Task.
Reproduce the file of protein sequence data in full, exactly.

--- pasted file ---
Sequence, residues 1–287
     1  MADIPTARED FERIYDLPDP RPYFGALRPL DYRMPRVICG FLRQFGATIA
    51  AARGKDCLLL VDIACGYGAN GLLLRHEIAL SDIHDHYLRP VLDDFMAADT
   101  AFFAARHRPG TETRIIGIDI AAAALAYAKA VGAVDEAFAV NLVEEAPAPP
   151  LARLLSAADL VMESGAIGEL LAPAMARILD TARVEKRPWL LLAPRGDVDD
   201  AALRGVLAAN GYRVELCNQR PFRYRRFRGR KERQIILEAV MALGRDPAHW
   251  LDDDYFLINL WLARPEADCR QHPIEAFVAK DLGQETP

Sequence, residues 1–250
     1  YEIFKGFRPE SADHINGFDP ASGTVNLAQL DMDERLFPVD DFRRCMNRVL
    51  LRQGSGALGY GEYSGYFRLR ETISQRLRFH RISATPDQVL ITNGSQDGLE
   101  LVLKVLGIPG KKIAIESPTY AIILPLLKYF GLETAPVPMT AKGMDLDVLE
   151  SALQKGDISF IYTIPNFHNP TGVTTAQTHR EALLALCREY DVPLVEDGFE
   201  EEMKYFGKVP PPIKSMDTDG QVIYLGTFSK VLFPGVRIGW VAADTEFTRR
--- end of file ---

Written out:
Sequence, residues 1–287
     1  MADIPTARED FERIYDLPDP RPYFGALRPL DYRMPRVICG FLRQFGATIA
    51  AARGKDCLLL VDIACGYGAN GLLLRHEIAL SDIHDHYLRP VLDDFMAADT
   101  AFFAARHRPG TETRIIGIDI AAAALAYAKA VGAVDEAFAV NLVEEAPAPP
   151  LARLLSAADL VMESGAIGEL LAPAMARILD TARVEKRPWL LLAPRGDVDD
   201  AALRGVLAAN GYRVELCNQR PFRYRRFRGR KERQIILEAV MALGRDPAHW
   251  LDDDYFLINL WLARPEADCR QHPIEAFVAK DLGQETP

Sequence, residues 1–250
     1  YEIFKGFRPE SADHINGFDP ASGTVNLAQL DMDERLFPVD DFRRCMNRVL
    51  LRQGSGALGY GEYSGYFRLR ETISQRLRFH RISATPDQVL ITNGSQDGLE
   101  LVLKVLGIPG KKIAIESPTY AIILPLLKYF GLETAPVPMT AKGMDLDVLE
   151  SALQKGDISF IYTIPNFHNP TGVTTAQTHR EALLALCREY DVPLVEDGFE
   201  EEMKYFGKVP PPIKSMDTDG QVIYLGTFSK VLFPGVRIGW VAADTEFTRR